Selecting the appropriate SEO goals is a critical first step in your digital marketing campaign. Knowing your marketing end goals & working directly toward them will save time, money, & stress.
Job descriptions are concise statements laying out the responsibilities of an employee, his or her role within your organization, standards for measuring effectiveness, and accountability expectations. An interesting tactic that marketers can use when designing a digital presence is to ask the question, “If my online presence was an employee, what would I put in its job description?”
In this podcast, Volacci's marketing experts Erik Wagner and Chris Gaffney discuss collaborative content creation and project management. While using the real-life example of their popular Newsletter Best Practices 2013: Email Marketing eBook, the two offer a series of tips and strategies to help marketers spread the success and responsibilities of high quality content creation among members of a marketing team.
Read this article: Podcast on Digital Content Collaboration and Project Management
Thanks for tuning back in for part two of 10 Secrets to Leading a Successful Marketing Campaign. For those of you who missed the first part of this blog series, please click here to read part one.
6. Know What a Client is Worth to Your Company
During the launch meeting of every campaign we ask our client “how much is the average client worth to your company?” When we do get an answer, we then follow up with a calculation to determine how many leads and sales need to...
Read this article: 10 Secrets to Leading a Successful Marketing Campaign: Part 2
Having been involved on many marketing campaigns, I have found that there are commonalities between all successful marketing campaigns. While this list could be much larger, I limited it to 10 then decided to split the original blog post into two for the sake of brevity. I attempted to organize these tips in sequential order so that it is more logical. Without further ado, let’s start with number one.
1. Know Your Target Market
When I say know your target market, I don’t mean what their names are, but know what makes them tick.
What motivates your target market? Do they have an innate need for recognition and respect? Are they highly motivated and A-Type personalities? Now tie that in with their demographics. Are they 20-somethings? Are they Baby Boomers? Technophiles? Do they have a large amount of purchasing power? Own a home? Have a family? What is important to them? What do they do to relax?
Create a document that describes your target market and distribute it amongst your co-workers. Ensure that they understand the importance of knowing the company’s target market and incorporate this knowledge into everything that they produce that is customer facing.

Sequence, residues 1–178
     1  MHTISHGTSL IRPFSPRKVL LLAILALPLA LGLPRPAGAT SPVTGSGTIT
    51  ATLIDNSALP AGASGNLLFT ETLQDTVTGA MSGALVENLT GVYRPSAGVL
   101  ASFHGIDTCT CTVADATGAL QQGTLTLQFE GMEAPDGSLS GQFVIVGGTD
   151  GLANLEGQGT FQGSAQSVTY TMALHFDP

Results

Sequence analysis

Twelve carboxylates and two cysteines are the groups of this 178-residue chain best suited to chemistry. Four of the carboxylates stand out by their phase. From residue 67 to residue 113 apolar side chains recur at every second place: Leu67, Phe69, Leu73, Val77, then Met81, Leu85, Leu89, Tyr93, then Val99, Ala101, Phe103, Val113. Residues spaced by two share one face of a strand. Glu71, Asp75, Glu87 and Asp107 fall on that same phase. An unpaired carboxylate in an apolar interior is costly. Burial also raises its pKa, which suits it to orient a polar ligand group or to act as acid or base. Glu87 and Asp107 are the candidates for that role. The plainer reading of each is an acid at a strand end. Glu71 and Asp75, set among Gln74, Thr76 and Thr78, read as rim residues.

2. Address Your Client’s Needs
Now that you know your target market, review your product or service. Does every aspect of that product help satisfy your target market? Does every official piece of communication from your company somehow address your client’s needs and gives them a warm, fuzzy feeling?
If not, take a step back and rethink your strategy. Your client’s are your biggest piece of “marketing collateral” and if they’re not having an amazing experience, then they’re not going to refer your company to their friends and family.
3. Write a Marketing Plan
A great marketing campaign starts with a great plan, though the planning stage is frequently overlooked. If you’re not sure where to start, Volacci offers a free Internet marketing plan template.
After writing your marketing plan, make sure that you get buy-in from all parties. Ensure that they know what parts of the plan that they are responsible for. Finally, prepare for deviations to your plan. No matter how much time and effort that you put into your plan there will be changes that you could not predict.
4. Don’t Put All Your Eggs in One Basket
The idiom holds true in marketing as well as most things in life. All too often I see companies unwilling to commit to multiple forms of marketing. Instead, they put all of their proverbial eggs in one basket and commit only to SEO or PPC, for example. That’s like saying I am going to take my life savings and invest only in General Motors. It may serve me well for awhile, but when the auto industry hits a funk, you’re up the creek without a paddle (excuse the abuse of idioms).
As important as it is to diversify your stock portfolio, it is equally important to diversify your marketing efforts. Fully commit to all of your marketing efforts, to ensure that you are giving yourself the best opportunity to create success.
5. Set Goals and Track Progress
After you have finished your marketing plan, set weekly, monthly, and quarterly goals for you and your team for every aspect of your campaign. You cannot do it alone. Make sure that your team is comprised of people you can trust and depend on. Delegate the work that needs to be done between your team based on their individual strengths. Have someone who is a whiz with PowerPoint? Put them in charge of creating the PowerPoint template for your new sales presentations.
Hold your team accountable for progress. Create 15-minute weekly standup meetings that are basically a round-robin of the progress that has been made with a particular campaign.
Click here to read the part two of this blog.